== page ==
To Stay Happy, Keep Your SIRT1 Active

      Depression is one of the most common psychiatric disorders and a major cause of disability that affects almost 350 million people worldwide. Common symptoms include depressed mood, persistent anxiety, loss of interest or pleasure in hobbies, feelings of hopelessness, suicidal thoughts, and reduced motivation. Antidepressant drugs often take weeks or even months to reach therapeutic levels and may result in exacerbated symptoms. The pathophysiological cause of depression has not been clearly identified; however, researchers are actively investigating the molecular pathways that contribute to major depressive disorder in human subjects and examining the basis of stress sensitivity and resilience in rodent subjects. One underlying mechanism may be epigenetic, involving the long-lasting regulation of gene expression via histone modification, DNA modification, and chromatin remodeling. Epigenetic enzymes have been linked to various pathophysiological conditions, including depression (
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      Epigenetics of the depressed brain: Role of histone acetylation and methylation.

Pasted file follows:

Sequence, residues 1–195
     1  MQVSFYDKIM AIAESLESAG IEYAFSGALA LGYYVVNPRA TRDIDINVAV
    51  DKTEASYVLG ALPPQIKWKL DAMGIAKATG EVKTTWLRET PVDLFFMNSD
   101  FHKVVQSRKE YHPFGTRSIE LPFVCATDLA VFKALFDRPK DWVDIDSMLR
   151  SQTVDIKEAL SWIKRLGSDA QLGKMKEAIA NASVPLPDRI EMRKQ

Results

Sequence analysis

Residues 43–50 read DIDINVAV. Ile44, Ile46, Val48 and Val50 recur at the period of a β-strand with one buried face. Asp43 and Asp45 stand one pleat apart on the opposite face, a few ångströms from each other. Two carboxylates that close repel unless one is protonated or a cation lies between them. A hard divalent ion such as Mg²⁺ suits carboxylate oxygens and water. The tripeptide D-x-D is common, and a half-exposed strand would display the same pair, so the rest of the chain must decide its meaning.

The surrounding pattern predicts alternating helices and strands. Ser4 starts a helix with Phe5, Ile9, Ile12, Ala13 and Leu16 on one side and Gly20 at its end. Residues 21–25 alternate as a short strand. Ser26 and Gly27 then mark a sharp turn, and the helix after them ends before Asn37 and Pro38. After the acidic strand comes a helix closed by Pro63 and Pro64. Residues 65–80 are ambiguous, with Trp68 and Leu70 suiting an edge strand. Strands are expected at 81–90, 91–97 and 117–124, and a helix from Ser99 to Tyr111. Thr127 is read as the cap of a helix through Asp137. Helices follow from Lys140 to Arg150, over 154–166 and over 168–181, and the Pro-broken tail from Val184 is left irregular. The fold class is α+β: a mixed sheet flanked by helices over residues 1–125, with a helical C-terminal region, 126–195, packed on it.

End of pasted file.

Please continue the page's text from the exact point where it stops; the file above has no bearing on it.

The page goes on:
). Sirtuin 1 (SIRT1), a lysine deacetylase, has been extensively studied for its connection to depression, but the specific role of SIRT1 remains controversial. Deciphering the molecular pathways by which SIRT1 may lead to depressed behavior will provide valuable information from a therapeutic perspective.
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      Linked Article

      • Hippocampal Sirtuin 1 Signaling Mediates Depression-like Behavior
        Biological PsychiatryVol. 80Issue 11
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          Although depression is the leading cause of disability worldwide, its pathophysiology is poorly understood. Recent evidence has suggested that sirtuins (SIRTs) play a key role in cognition and synaptic plasticity, yet their role in mood regulation remains controversial. Here, we aimed to investigate whether SIRT function is associated with chronic stress-elicited depression-like behaviors and neuronal atrophy.
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